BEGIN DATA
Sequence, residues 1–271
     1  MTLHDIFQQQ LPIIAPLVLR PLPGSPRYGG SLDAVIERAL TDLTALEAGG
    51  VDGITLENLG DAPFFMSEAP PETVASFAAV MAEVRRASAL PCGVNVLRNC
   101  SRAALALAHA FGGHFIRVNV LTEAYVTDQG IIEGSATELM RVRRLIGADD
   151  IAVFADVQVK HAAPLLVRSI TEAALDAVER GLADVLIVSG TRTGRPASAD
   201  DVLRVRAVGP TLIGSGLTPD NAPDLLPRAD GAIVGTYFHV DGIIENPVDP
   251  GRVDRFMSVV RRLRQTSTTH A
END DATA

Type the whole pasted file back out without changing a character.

Sequence, residues 1–271
     1  MTLHDIFQQQ LPIIAPLVLR PLPGSPRYGG SLDAVIERAL TDLTALEAGG
    51  VDGITLENLG DAPFFMSEAP PETVASFAAV MAEVRRASAL PCGVNVLRNC
   101  SRAALALAHA FGGHFIRVNV LTEAYVTDQG IIEGSATELM RVRRLIGADD
   151  IAVFADVQVK HAAPLLVRSI TEAALDAVER GLADVLIVSG TRTGRPASAD
   201  DVLRVRAVGP TLIGSGLTPD NAPDLLPRAD GAIVGTYFHV DGIIENPVDP
   251  GRVDRFMSVV RRLRQTSTTH A